A cornerback is so much about reactive athleticism. A true lockdown corner is physical at the LOS and is a stud in press man coverage. There isn’t a specific body type or size to a prototype CB. They can come in many shapes and sizes. Ideally, he would have very good height and length with some heft to him to be able to come up and make tackles. However, this is tough to find because longer players tend to have less change of direction ability which is a major asset to a good CB. Any corner 5’10” or below, it’s even more important to evaluate the player’s ability to go get the ball in the air and his ability to take on larger receivers. If it’s not elite, he may be relegated to a nickel back role or to spot duty shadowing smaller receivers. The main job for a WR is to get separation, get open, and catch the ball. Therefore, it is obvious that the main job for a CB is to keep a WR from getting separation and giving himself an easy catch. This is done through good speed, smooth and quick ability to change direction, and body control. To be able to do this a good CB will show the ability to quickly and smoothly “flip his hips” 180-degrees. Anticipation and good ball skills are traits that are needed to turn a good corner into a turnover machine – by anticipation. I don’t mean guessing. Corners who guess aren’t fit for the NFL. Anticipation means seeing a play develop and then having the instincts to KNOW what a receiver and QB are going to do and to be in the appropriate place before it happens. A good CB shows physicality at the LOS and a willingness to fight through blocks and take on a running back head on. A CB who can take on a WR’s block, get leverage, and turn the WR can tilt an entire play in his favor. It’s important for a CB to be good in space (strafing, angles, tackling) to ensure he is good in zone coverage. It is a must for a team to have 3 starting caliber CBs on its roster at all times due to the increasing number of WRs that stay on the field. The nickel corner or “star” may have the toughest job on the entire field as he’s usually facing a laterally explosive, quick, shifty, hard to cover wide receiver who lines up in the slot and therefore has more route options due to the amount of field on each side of him that he has to work with. This is where reactive athleticism is either shown or the lack of it is exploited. The corner must be quick twitch and be able to trigger quickly out of his backpedal. The nickel corner must also be strong against the run as he sometimes will be expected to set the edge and force a runner back into traffic. With a propensity for complicated blitz schemes it is also useful if the star corner is a good blitzer. It’s also important to have a CB that has good size, length, and physicality that can cover an explosive tight end. This player can even be a situational player that is only active to handle this responsibility. Ball skills specifically include the ability to turn and locate the ball in the air, get the body in position to knock it down or catch it, how well he can attack the ball at it’s highest point, and hands to catch the ball. Hand eye coordination is so important for a CB. He must be efficient in his movements and not make false steps, which is the result of smooth transitions from backpedals to driving on the ball, or from shuffling to running. Note: I’m a supporter of the shuffle technique over the backpedal for outside CBs, especially with corners who have stiff hips. If the technique is done correctly, a CB shouldn’t lose sight of the ball (except to turn on run on go routes) but be in a better position to move with the WR in any direction. Fast feet are something I love to see in a corner. It at least means that he can be trained to get himself into the right positions on time with his footwork. Ernie Accorsi used to say that you could look at the size of a guy’s ankles and know how fast he was. The mentality of a cornerback is very important. One blown coverage or misstep typically leads to 6 points by the other team. A CB must have a mental toughness to shake off bad plays and come back and do his job on the next play. A short memory will also help the CB maintain confidence which is necessary for him to attack the ball and not play soft. Cornerbacks are often put out on an island against a team’s best receiver. There is no margin for mistakes or backing down from the challenge.
Good tackling and instincts. Good play recognition. Football intelligence. Physical. Very good ball skills and coverage ability. And in my evaluation, I want elite speed out of my FS. The best free safeties in the game, their speed is what sets them apart from the rest (much like I feel pocket presence separates the best QBs from the rest). Anything the FS is asked to do, he has to do it as fast and as physical as possible. It can be evaluated in the player’s ability to respond to an action and then cover as much ground as possible in the shortest amount of time. Range comes from recognition, response, speed, and delivery of the appropriate action at the end of the play. He often will play centerfield and will need to get to the sideline on a go route or to hide his blitz 8 yards from the LOS and still get to the QB before he releases the ball. He needs to recognize plays developing and close a gap and smash a RB in the hole before he hits the open field. A free safety must trust his read, commit, and get to a “meeting point” on the field as fast as humanly possible. He doesn’t have to have a good 40-time to be fast on the field as most of his closing speed comes because he recognizes the play early in it’s development, sometimes even pre-snap, and that shaves seconds off of meeting the ball at the appropriate point. A good FS will often be described as “flying around the field” and creating havoc. Polamalu, Ed Reed, and Earl Thomas are perfect examples. Sometimes the FS will be asked to cover a WR or TE in man coverage, drop into the box to defend against the run, or to drop to the deep middle of the field and then fly to the sideline to swat a ball down before a wide open receiver can haul it in. He may even have to deliver a big hit to a TE coming across the middle for a catch. He is the ultimate multiple phase player. He’s going to be in on a lot of passes defensed as well as a ton of tackles. He’ll need to have the strength and toughness to hold up to the demands of the position. He’s the last line of defense so it’s important that he is disciplined to his assignment and not free roaming all over the field and leaving teammates out to dry. These guys will sometimes make the secondary adjustments pre-snap and so they must be hard workers in the film room, attentive, and good communicators. His mentality must be that of an attacker on every play but maintain the awareness of when to actually attack and when a miss could be devastating.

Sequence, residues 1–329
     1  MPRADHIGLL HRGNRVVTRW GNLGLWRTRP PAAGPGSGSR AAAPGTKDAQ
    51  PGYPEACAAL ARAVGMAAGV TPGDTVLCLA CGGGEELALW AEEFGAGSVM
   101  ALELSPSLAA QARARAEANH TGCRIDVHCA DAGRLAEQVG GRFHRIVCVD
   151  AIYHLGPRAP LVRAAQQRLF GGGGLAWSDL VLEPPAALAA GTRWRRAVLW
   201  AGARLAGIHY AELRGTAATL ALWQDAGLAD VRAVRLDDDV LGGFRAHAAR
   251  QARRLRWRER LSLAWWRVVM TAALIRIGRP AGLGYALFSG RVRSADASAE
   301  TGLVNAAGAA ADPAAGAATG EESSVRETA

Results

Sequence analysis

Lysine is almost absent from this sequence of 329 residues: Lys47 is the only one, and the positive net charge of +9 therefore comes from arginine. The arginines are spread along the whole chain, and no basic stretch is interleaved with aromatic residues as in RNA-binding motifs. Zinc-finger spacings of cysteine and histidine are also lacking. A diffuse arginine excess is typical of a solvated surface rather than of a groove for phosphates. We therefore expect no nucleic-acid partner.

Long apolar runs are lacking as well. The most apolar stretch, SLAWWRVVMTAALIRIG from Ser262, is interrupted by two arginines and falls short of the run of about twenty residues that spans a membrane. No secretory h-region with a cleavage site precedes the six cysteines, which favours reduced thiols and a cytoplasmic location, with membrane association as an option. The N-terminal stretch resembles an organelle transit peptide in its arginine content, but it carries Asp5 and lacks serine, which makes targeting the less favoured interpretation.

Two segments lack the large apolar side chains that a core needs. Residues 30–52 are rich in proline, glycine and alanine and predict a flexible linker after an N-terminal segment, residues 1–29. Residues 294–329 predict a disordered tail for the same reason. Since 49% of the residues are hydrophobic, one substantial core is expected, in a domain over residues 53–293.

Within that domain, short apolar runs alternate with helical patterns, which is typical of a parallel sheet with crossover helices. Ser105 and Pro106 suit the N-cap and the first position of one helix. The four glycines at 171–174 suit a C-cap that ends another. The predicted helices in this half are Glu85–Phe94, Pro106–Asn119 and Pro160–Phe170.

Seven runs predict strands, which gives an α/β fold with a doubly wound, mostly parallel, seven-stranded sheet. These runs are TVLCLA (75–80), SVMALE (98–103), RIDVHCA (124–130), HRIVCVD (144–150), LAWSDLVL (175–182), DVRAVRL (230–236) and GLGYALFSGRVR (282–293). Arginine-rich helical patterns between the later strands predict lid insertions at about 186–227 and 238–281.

A strong safety is more likely to find himself lined up overtop of a TE, down in the box to help set the edge on runs, or in man coverage on a WR. The SS needs to be heavier and even more physical than a FS. Speed and play diagnosis are vital as well because in deep half coverage he’ll still need to react with swiftness and authority. The SS doesn’t find himself in single high coverage often so he can be more aggressive than the FS. A strong, thick core and upper body are necessary to take on big TEs, FBs, RBs, and offensive linemen at times. He should have the ability to stack and shed a WR’s block with relative ease. He should also be a big hitter that his good timing and accuracy with his hits on receivers to make sure to separate the ball without drawing a penalty. A SS is essentially a 4th LB with more speed and better coverage ability, and can play in space a little better. Closing speed while the ball is in the air or while a RB is trying to get the edge is important to disrupt plays.by